#14. Video for self-compassion – From Stephanie Parker. I grab my iPhone and take a very short video of myself asking the question – what would my inner loving mother say to me now? This exercise also makes me cry and if I haven’t cried enough I’ll watch it back. It’s such a great tool for self-compassion!

#15. Playful Anger -From Hanna Gauri Ma of Loving Earth Mama. I have a Larry Cohen inspired one. When I am getting worked up, I often exaggerate it and go playful. I’ll say something like ‘my head is going to explode’ and mime it out (all silly like) or ‘I wish I were a dragon, then I could breathe fire, right now’. It is like lightly laughing at how wound up this (probably) relatively minor thing is making me. It still transmits that this is serious and big for me while also keeping us connected through laughter.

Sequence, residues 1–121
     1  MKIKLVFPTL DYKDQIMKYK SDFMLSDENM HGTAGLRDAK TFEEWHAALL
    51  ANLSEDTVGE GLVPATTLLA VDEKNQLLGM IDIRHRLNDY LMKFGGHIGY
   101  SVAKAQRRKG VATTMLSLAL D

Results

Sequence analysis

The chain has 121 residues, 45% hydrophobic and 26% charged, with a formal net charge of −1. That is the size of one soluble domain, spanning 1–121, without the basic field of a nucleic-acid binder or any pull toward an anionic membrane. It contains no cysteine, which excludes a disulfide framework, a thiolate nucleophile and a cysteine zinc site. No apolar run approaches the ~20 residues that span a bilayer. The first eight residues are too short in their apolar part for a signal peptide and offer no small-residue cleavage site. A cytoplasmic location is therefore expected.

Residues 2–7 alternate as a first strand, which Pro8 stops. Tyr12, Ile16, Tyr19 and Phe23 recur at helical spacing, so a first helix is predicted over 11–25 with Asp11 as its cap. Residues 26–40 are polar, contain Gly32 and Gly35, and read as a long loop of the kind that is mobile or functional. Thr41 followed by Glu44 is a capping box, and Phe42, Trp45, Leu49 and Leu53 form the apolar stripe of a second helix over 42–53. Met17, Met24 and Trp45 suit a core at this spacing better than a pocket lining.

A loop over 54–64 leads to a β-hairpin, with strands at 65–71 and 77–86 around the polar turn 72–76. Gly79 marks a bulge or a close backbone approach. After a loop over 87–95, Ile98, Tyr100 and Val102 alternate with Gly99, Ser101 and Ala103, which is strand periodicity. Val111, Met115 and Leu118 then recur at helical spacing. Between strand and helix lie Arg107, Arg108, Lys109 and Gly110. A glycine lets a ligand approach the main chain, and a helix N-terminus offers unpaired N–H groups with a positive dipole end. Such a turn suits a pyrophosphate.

You can find out more about listening partnerships here.

Free Class: Get an in-depth look on where parent anger comes from and learn five science-backed strategies to parent from a calmer place. Sign up here.

Hand in Hand parenting is here to help! If you need some more support or ideas then leave a comment or connect with the Hand in Hand parenting support group on facebook.

Kate Orson is a Hand in Hand Parenting Instructor, and mother to one daughter. Originally from the UK she now lives in Basel, Switzerland. She is the author of Tears Heal, How To Listen To Our Children, which will be published in 2016. Connect with Kate on Facebook or follow her blog Listening To Tears.

Join Kate in her next online parenting class.

2 thoughts on “15 Tips To Stop Shouting at Your Children”

  1. Jennifer Kreger

    I’ve been doing this sort of thing for a liong time and it is great to hear mire variations! Now that my child is an adult it is not so minute-by-minute but I occasionally still use some tricks to remind myself to listen more and judge less.

Leave a Comment

Scroll to Top